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Old 01-29-2007, 02:15 PM   #11
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Many have connected the batteries through switches directly to brushed motors - hub motors and relied on the resistance of the windings to limit the power and run at certain speeds instead of using a variable speed control. You would start off with the batteries in parallel and pedal a lot to get going then kick in different voltages. Many of the hub motors are brushed so the controller can be simple. Brushless controller tend to be more difficult to find because of the under engineering that most have - they don't allow for the high starting currents and the motor inductance variations at different speeds. Be careful when mounting front wheel motors as the forks have been known to fail suddenly from the motor loads on the forks.

Kits for hub motors are available at Battery Space.

http://www.batteryspace.com/index.as...S&Category=849
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Old 01-30-2007, 07:24 PM   #12
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bicycle motors.

I bought the 600 watt brushed hub motor from wilderness energy. It came with 12 amp hour batteries. They gave about 9 miles range on the first charge at about 18 mph. I have the 600 watt 24 inch wheel on the front of a trailmate ez roll regal trike that I streched 10 inches. It was easy to stretch the frame as it is built of square tube. This made it much more comfortable to ride and pedal. It has a three speed hub. The motor quickly outruns the stock gearing. I guess I should post a pic in the garage. I am running 36 volts. The site claims the motor could handle 72 volts if you provide an adequate controller. I can't say about that. The motor is fine when on the ground but if you accelerate the motor with the wheel off the ground you can easily feel that the torque constant is not constant. You can buy the wheel by itself for about $159. It is made in China. I might do it again but the quality is about what you might expect. Not supurb but adequate. All the reaction is taken by the hub shaft. If the axle is not tight it will turn and cut the wires off. Ask me how I know.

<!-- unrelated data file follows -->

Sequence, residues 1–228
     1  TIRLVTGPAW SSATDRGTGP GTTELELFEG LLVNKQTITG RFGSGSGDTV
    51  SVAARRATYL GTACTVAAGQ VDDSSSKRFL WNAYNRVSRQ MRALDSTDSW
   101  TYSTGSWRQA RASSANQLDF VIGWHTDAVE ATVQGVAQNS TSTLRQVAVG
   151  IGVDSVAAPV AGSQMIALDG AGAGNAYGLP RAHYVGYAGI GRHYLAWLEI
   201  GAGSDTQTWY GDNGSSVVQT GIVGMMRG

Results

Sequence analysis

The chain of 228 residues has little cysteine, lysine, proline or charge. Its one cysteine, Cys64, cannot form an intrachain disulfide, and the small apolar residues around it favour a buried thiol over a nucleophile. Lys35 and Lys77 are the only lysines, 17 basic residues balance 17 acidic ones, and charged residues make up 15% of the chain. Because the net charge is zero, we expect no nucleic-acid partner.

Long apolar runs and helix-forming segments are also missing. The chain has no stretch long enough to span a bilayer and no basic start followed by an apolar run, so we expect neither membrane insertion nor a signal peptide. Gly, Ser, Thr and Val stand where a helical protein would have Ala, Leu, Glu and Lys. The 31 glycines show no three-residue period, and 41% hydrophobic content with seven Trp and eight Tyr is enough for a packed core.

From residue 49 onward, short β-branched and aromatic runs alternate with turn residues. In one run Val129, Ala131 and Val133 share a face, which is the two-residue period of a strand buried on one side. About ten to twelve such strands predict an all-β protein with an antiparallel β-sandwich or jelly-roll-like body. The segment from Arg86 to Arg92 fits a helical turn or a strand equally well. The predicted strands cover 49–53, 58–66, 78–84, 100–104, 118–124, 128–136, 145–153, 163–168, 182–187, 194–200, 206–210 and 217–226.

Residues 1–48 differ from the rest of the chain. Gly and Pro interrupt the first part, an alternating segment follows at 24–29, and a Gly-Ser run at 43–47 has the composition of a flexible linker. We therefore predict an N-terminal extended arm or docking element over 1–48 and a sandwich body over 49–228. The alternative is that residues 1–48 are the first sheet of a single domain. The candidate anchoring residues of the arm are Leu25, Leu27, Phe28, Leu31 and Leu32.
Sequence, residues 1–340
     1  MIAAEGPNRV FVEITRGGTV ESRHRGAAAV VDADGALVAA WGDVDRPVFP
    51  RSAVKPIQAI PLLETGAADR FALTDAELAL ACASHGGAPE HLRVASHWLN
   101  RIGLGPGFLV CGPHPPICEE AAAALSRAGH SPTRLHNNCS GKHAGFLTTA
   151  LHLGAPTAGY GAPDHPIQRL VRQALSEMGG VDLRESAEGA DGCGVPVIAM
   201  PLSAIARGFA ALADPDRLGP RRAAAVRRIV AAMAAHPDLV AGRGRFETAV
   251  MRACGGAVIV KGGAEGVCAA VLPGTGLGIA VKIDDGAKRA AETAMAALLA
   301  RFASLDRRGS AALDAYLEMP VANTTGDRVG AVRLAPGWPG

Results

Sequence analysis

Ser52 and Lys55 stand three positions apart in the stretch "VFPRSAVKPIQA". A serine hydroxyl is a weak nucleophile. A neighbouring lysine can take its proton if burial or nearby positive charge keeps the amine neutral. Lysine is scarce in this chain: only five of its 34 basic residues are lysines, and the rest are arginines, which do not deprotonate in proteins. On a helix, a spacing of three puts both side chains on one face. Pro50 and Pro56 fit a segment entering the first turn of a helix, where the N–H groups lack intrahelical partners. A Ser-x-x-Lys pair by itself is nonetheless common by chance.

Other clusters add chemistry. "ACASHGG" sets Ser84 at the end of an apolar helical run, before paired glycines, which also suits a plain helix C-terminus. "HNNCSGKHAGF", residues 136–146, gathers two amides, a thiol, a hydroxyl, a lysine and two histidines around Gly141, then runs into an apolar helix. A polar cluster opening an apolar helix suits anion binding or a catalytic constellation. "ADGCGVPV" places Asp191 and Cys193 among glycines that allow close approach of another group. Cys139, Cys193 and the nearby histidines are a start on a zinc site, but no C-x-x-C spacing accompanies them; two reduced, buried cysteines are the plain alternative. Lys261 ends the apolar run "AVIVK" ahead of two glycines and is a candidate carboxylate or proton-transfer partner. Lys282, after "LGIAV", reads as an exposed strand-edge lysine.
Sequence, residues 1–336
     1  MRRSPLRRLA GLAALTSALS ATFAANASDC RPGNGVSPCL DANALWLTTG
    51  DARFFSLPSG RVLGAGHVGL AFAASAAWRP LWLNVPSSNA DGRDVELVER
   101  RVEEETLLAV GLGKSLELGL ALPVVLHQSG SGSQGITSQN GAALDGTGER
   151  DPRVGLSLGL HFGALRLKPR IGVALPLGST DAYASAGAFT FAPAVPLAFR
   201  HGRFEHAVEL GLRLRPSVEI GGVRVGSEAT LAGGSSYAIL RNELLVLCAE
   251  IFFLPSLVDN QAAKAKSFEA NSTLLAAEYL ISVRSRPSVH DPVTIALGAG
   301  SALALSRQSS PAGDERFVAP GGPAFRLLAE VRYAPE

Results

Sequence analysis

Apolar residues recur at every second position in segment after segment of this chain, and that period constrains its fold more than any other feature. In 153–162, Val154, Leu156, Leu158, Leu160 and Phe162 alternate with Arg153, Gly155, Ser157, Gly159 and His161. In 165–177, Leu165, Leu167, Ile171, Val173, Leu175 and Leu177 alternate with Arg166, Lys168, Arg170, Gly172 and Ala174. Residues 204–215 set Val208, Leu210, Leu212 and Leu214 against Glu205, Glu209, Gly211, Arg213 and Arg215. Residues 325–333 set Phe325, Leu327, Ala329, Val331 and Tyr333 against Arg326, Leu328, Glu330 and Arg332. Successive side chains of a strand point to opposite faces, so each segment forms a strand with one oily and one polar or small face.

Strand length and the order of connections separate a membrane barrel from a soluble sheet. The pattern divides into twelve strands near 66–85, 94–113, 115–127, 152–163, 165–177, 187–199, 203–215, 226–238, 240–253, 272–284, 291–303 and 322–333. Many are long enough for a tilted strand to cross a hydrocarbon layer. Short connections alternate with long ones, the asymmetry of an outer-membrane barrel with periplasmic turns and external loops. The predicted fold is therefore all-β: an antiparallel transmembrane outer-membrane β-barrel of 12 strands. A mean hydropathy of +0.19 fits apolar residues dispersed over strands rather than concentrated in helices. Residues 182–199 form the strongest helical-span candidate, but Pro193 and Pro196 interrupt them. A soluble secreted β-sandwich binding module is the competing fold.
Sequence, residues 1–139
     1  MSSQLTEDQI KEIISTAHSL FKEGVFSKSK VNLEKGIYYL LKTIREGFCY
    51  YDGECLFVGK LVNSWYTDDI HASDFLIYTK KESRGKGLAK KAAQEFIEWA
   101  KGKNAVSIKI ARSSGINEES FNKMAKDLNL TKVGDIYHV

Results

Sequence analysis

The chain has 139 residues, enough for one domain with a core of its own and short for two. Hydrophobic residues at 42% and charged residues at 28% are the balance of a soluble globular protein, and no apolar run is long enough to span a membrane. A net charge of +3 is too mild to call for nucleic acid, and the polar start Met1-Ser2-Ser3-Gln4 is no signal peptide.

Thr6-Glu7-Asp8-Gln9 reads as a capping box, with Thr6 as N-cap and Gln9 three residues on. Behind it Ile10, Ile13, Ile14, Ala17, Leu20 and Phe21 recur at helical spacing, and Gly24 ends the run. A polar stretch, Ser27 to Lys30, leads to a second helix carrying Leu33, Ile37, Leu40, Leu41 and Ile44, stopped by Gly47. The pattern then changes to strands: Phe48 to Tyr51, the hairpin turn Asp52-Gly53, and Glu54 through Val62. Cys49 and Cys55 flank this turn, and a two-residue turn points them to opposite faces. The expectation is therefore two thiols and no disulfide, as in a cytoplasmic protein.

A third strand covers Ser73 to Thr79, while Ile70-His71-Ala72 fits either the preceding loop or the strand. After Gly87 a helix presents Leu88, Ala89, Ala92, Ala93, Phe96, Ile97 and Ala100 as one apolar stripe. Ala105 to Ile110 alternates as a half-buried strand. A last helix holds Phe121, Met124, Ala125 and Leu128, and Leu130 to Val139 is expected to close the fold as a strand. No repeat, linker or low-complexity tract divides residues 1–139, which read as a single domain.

I have installed 18 Ah batteries but not ridden it since. It is too cold. I actually put this together for my oldest brother who can no longer drive so I have not actually ridden it much at all.

They offer a brushless 600 watt motor that is supposed to be more efficient. I picked the wilderness energy motor after quite a bit of looking. Price was a major factor for me.